All around me. In all four cardinal directions – but nothing to do with the sins – the wheat is sprouting. Struck. Rising up! Wheat is a hardy grass. Some varieties are sown just before the cold really hits yet are strong enough to weather the horrible winter and return in the spring. No wonder it is good to eat!
I know now that there are many different varieties. But in our fields we have Warthog wheat sown on one side and Frederick wheat on the other. Frederick is a soft white winter wheat and Warthog is a hard red winter wheat.
Warthog is milled into our All Purpose flour and Frederick is for cakes and muffins and pancakes and things like that.
Both are sown in the Autumn. Then around February the red clover is sown in with the dormant wheat and in the spring they sprout again together. The wheat already established; it leaps forward leaving the red clover to grow low as a cover crop, to retard the weeds. Once the wheat is out the cows are allowed to graze the clover cover crop for a while, before it is turned in, as a green compost and the next crop is sown.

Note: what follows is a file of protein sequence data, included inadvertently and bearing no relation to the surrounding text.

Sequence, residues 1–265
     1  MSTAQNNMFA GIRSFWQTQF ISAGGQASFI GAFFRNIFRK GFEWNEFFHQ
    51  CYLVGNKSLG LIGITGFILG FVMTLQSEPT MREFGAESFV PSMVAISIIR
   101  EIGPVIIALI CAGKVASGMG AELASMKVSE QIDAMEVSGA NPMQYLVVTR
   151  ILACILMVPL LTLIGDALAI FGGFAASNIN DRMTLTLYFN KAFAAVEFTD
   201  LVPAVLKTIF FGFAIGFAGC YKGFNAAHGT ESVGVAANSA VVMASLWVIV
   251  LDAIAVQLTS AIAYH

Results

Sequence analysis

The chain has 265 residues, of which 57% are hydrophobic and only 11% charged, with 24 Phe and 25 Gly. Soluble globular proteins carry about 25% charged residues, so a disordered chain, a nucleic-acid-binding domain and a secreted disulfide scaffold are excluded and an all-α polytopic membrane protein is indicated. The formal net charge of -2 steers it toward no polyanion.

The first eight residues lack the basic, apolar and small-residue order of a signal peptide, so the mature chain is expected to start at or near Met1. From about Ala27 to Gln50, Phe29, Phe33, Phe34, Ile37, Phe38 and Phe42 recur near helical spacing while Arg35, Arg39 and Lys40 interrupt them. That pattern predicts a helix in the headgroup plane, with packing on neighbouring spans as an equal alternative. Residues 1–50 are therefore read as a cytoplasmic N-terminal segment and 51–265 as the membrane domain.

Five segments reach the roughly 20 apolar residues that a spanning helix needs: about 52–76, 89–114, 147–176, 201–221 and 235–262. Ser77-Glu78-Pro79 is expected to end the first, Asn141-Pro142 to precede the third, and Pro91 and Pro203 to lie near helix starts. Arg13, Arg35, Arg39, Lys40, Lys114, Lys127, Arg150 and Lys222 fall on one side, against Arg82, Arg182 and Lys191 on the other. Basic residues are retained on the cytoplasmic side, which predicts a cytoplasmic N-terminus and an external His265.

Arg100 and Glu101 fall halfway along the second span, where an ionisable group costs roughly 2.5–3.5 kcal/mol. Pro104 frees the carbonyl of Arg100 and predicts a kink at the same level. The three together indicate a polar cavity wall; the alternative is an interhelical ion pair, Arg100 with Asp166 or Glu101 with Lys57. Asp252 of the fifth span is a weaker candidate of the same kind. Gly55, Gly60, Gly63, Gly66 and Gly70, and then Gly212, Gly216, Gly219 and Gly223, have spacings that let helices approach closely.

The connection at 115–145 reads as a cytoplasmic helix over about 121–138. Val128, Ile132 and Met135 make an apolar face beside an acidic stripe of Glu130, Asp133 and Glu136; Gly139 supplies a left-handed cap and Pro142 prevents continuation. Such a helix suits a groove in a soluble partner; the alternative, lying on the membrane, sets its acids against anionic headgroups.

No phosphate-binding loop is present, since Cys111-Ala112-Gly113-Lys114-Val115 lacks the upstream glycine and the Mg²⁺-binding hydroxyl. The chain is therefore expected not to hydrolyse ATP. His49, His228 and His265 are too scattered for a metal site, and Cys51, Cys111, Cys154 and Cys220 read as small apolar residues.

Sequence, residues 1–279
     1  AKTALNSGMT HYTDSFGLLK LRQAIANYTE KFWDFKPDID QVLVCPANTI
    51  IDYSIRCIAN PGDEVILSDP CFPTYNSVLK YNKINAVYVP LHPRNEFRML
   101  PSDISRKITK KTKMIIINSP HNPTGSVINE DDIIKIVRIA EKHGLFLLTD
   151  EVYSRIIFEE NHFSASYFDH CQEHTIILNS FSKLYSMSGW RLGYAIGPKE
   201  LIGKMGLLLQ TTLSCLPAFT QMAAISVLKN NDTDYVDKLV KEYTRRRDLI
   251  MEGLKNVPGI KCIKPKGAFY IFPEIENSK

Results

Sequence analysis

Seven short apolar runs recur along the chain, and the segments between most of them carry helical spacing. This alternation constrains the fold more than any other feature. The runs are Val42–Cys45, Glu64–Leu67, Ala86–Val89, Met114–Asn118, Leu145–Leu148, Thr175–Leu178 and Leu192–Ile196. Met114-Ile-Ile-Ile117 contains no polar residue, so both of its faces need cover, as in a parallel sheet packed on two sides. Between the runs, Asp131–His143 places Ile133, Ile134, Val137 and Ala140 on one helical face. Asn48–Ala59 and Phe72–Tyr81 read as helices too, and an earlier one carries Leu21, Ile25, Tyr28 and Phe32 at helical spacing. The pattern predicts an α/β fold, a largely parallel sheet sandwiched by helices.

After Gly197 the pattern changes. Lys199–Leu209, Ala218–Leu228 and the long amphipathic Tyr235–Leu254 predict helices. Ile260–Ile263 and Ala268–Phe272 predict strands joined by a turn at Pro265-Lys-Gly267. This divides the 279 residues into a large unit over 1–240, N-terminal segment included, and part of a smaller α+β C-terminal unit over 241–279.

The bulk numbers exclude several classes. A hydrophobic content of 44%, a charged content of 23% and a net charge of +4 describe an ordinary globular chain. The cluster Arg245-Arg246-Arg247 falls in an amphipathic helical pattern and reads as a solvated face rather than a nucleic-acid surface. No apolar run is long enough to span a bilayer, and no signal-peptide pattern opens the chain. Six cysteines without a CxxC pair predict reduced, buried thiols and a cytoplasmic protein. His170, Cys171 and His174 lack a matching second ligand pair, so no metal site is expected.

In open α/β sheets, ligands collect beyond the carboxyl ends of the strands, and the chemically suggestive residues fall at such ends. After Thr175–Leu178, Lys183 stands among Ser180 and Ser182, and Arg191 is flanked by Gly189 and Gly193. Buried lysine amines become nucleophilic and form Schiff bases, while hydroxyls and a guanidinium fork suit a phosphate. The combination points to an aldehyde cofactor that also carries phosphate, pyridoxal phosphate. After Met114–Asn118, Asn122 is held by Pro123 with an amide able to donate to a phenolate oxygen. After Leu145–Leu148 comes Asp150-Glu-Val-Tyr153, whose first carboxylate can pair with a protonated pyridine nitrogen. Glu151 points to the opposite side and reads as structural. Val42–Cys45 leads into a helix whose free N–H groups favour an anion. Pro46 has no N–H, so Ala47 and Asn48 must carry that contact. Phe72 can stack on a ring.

That is in a perfect organic world anyway!
Stage One is underway!
Though neither of these wheats will produce a high protein bread flour, ( above is half mackinaw and half calumet – 100% whole kernel – my new favourite)! The Little Red Hen ( who is me!), is happy!
I can’t believe that I have eaten bread all my life (and I come from New Zealand, bread really is a staple in our diets in New Zealand) – but I never ever asked myself what the wheat was that is in our bread. I just thought wheat was wheat!
Now, as you know, you and I are off again to New Zealand in January. I have been looking hard for a small stone ground mill in New Zealand, small like ours here in Illinois, to talk to and tour and maybe spend a few days volunteering in, while I am home and look what my family found for me. In New Zealand.
Stone ground in this new windmill. (2 kg is about 4 pound).
Just 90 minutes from Wellington. I am going to rent a little rinky-dink rent-a- dent ( that’s what my family calls a rental car) and drive over to Foxton to visit with these millers. I am going to email them today and see what they are about.
This is the first little stone ground mill I have found in New Zealand. I wonder if their stones are as new as the windmill- this is all very exciting. Kind of new – about fifteen years old I think. I hope it is not too touristy. More to come!
I hope your day goes well.